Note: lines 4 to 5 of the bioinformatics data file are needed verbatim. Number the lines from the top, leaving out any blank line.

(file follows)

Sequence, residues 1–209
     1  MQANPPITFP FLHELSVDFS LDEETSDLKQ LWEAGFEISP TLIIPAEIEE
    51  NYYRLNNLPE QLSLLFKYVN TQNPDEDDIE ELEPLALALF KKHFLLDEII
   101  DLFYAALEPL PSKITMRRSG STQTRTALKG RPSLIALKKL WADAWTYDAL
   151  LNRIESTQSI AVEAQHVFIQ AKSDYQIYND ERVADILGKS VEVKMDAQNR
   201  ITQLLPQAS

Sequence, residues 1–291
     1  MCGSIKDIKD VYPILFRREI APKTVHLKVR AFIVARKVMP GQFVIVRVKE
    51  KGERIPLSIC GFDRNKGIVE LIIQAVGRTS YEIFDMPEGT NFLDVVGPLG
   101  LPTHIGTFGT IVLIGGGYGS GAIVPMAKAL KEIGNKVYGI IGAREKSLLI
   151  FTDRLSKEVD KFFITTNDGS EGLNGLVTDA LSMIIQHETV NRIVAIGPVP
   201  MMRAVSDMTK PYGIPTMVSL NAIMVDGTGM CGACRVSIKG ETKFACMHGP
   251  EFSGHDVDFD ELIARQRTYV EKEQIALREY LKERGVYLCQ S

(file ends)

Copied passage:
   101  DLFYAALEPL PSKITMRRSG STQTRTALKG RPSLIALKKL WADAWTYDAL
   151  LNRIESTQSI AVEAQHVFIQ AKSDYQIYND ERVADILGKS VEVKMDAQNR